BB: Your first professional fight was in Hong Kong but your second was on home soil in Macau. How did it feel to hop into the ring for that fight against Youjie Zeng in front of your home crowd for the first time?

KK: That was my first time to participate in a world game on my home soil. I was so nervous that I couldn’t even speak a word! But I had the voice and strength of my supporters which made me even more determined to make them proud.

BB: Do you dream of fighting in Las Vegas or do you think Macau is going to become the new home of boxing?

KK: Las Vegas is the best place in the world to compete, but now Macau is also developing into a world-renowned venue for boxing. Both are great.

BB: Who has had the biggest influence on your career and why?

KK: My father. He passed away last year and it was a very difficult time for me. It made me very depressed and it was hard to find the motivation to train.

BB: Over the past year or so you’ve had the chance to spend some time with legendary trainer Freddie Roach and the great Manny Pacquiao. What have you learnt from these two legends of boxing?

KK: Unfortunately I didn’t get to do pair training with Manny. Freddie Roach gave me some guidance, but it wasn’t for long, so my learning was limited. However, I could see the training methods and time arrangement of Manny just by watching him and that has helped improve my own training.

BB: What have you been working on in particular for this upcoming fight?

KK: My physical fitness, power and speed but no technique in particular.

BB: With Zou Shiming turning professional around the same time you did, boxing seems to be getting more popular in this part of the world. Do you think boxing has a bright future in Asia?

KK: I think boxing will prevail in Asia. With the promotion of Top Rank, the support of the Venetian Macao and Filipino legend Manny Pacquiao – who has set a record no one can match and won the title in eight weight classes – competing in Macau, boxing has been recognized by more and more people in Asia.

BB: How important has the Venetian’s support of boxing, with a number of big fight nights held at Cotai Arena over the past 18 months, been in helping your professional career?

KK: Of course it has helped a lot. Personally I’m very grateful to the Venetian Macao. I wouldn’t be anywhere without them.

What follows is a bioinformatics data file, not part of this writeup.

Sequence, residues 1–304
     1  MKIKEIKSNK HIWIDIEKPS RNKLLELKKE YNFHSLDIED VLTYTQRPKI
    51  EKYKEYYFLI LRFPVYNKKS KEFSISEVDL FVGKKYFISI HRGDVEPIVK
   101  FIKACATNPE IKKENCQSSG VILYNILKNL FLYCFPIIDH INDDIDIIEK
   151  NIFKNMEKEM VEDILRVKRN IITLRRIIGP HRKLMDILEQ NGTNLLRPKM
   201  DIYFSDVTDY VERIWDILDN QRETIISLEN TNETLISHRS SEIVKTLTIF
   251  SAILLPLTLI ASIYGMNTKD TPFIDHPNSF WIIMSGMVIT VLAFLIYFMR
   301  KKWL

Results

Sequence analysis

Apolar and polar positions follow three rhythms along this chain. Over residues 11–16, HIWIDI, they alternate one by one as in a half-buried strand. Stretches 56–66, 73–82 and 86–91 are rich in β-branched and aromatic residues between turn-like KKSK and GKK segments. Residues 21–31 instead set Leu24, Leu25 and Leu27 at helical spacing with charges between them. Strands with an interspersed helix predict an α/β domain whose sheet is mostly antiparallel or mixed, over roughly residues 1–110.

BB: Aside from yourself, Rex Tso has also enjoyed a great start to his career and obviously Zou has a big following. Are you friends with Rex and Zou? Do you spend much time with them away from boxing?

KK: We are boxers competing in the same place. Of course we are friends and support one another. Zou is the idol of Chinese boxing and it’s an honor to be friends with him and Rex. We mostly see one another at the competition occasions, at press conferences and so on.

BB: Macau is known as the gaming capital of the world, but away from gaming what are your favorite things to do in Macau?

KK: My favorite thing to do in Macau is playing football – football matches with a few good friends.

BB: If someone who wasn’t from Macau was visiting for just one day, what would you recommend to them as a “must do”?

KK: They can visit the Venetian Macao! But besides gaming there are also lots of shops, multicultural dining, exhibitions and shows. Or they can go to Rua do Cunha in Taipa Village. They can find some local Macau specialties and gifts there. If they want to do sightseeing, they can go to the Ruins of St Paul’s, Monte Forte, Guia Lighthouse and so on.

BB: What do your friends in Macau think of you being a professional boxer?

KK: My friends have been giving me unlimited support. As none of them have reached the professional level, they hope their friend can achieve his aspiration and make a contribution to Macau.

BB: What would be your dream fight – who would you most like to fight in the future?

KK: Of course the fight with the world champion of my weight class – former WBC and WBA super welterweight champion Canelo Alvarez who is 44-1-1 with 31 knock-outs! He should be able to knock me out pretty quickly!

Hong Kong's rising star Rex Tso (right) shows off his skills at Cotai Arena

Hong Kong’s rising star Rex Tso (right) shows off his skills at Cotai Arena

BB: Finally KK, what are your long term goals as a boxer?

KK: I hope to continue fighting and strive for the belt in my weight division.